A study a couple of years ago found that 63% of executives were making fewer business trips because of technology.
Instead of a plane trip, face-to-face meetings and a plane trip back, they used email, videoconferencing, or online meetings, according to Accountemps study.
If you're a manager who's spending less time with a suitcase and more with a mouse, you'll want to pay attention to nature of media we use, and especially when sending important messages.
A few years ago we heard a lot about etiquette in electronic messaging (netiquette) on Internet, about needing to be conscious of how messages might be misconstrued by receivers. One of ideas to come out of that effort was emoticons, little text symbols that aimed to make up for loss of facial expressions and body language.
Emoticons and netiquette have pretty much disappeared, but world of electronic communication still can be a dangerous place.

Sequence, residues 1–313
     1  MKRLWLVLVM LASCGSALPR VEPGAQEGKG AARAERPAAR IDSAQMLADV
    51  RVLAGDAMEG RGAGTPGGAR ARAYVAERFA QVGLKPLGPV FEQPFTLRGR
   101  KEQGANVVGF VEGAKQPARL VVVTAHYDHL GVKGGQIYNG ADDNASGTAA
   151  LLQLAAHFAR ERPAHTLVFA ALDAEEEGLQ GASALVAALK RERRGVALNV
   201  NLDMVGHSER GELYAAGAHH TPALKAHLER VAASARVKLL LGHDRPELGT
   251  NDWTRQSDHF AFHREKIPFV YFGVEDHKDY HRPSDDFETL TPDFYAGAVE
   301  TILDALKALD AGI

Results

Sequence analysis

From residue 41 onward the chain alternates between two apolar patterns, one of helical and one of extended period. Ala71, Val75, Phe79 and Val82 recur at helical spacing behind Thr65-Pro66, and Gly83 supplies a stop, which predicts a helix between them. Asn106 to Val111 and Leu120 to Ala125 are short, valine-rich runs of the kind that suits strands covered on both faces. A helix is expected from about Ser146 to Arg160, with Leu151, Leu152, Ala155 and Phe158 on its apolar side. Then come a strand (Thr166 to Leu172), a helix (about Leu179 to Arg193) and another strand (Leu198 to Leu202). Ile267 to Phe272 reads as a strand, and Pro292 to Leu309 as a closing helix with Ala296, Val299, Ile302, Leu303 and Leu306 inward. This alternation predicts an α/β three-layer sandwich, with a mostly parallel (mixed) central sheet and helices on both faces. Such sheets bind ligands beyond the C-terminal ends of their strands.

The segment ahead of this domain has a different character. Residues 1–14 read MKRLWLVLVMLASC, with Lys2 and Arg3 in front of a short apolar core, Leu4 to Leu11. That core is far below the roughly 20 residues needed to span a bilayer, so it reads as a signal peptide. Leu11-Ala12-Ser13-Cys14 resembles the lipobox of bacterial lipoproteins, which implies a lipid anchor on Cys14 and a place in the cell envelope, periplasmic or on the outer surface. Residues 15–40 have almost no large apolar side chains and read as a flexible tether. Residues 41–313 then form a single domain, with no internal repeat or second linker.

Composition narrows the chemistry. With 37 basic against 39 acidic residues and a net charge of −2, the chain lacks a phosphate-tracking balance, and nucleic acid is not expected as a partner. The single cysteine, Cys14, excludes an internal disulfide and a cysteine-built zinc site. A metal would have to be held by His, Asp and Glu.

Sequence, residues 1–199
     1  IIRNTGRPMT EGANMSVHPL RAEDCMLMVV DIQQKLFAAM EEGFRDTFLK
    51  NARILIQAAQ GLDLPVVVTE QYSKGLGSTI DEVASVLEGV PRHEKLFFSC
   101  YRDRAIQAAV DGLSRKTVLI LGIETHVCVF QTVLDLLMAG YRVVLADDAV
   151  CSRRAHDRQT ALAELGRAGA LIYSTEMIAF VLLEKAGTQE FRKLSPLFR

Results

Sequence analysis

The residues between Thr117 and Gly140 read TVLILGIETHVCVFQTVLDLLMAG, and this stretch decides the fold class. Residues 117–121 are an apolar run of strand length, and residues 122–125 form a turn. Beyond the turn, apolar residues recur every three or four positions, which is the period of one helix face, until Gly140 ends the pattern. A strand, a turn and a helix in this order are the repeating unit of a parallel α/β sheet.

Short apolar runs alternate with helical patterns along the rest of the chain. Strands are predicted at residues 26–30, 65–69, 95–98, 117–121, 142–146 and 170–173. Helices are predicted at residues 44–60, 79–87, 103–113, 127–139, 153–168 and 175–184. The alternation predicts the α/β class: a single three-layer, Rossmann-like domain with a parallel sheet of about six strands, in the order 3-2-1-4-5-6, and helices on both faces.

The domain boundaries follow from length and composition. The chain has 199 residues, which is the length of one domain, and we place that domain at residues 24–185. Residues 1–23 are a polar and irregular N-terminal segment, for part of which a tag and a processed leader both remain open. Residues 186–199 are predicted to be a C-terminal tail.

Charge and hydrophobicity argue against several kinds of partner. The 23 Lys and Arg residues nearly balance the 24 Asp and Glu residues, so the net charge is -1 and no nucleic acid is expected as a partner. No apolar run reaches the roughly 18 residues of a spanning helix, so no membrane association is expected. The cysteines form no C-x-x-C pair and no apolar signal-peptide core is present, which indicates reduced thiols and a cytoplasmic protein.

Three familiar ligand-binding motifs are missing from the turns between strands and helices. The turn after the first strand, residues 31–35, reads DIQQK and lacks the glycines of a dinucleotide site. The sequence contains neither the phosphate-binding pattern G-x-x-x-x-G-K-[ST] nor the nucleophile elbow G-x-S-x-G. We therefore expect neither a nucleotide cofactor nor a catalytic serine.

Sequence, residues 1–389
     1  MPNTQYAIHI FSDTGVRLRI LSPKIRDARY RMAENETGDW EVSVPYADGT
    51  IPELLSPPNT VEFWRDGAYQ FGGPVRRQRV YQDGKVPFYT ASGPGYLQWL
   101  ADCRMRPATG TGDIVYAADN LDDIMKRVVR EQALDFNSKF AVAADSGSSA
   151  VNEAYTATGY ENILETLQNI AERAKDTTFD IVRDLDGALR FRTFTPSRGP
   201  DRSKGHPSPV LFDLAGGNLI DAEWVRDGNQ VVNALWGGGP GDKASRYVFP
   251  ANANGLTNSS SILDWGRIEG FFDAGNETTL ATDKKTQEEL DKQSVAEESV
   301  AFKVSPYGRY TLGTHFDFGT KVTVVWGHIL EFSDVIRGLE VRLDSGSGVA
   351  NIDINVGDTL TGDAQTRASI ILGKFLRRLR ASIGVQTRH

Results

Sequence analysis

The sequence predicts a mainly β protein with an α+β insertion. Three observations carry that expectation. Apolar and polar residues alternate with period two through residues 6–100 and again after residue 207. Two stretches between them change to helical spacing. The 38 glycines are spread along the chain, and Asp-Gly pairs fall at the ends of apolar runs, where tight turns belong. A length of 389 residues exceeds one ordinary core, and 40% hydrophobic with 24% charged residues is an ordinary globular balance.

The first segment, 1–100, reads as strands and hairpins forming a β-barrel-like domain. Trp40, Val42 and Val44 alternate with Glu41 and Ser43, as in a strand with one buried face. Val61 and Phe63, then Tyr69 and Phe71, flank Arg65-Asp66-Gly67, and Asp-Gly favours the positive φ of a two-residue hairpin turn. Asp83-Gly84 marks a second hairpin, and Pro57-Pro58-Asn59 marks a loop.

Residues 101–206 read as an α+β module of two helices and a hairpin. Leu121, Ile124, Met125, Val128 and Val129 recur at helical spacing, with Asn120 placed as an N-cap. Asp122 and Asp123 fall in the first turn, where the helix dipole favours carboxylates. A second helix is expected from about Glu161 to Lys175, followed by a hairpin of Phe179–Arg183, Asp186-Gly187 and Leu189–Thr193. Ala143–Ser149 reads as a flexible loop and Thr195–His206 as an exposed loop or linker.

And especially dangerous if stakes are high, as they're likely to be when managers communicate this way. So, let's further explore some issues that arise when we communicate electronically, rather than face-to-face.
In my limited experience with videoconferencing, for example, I found I had to work harder just catch words, which reduced amount facial expression information I took in. And, if camera adjusted to take in more facial expressions, then some body language was lost.
Think, too, about differences in messages sent by email versus those sent as conventional printed letters. Email certainly leads to faster responses and greater efficiency. However, when sending a printed letter we proofread it both on screen and in print. And, time between our initial thoughts and sending letter is longer. That provides time for second thoughts, sober or otherwise, thoughts that might be wiser or better expressed.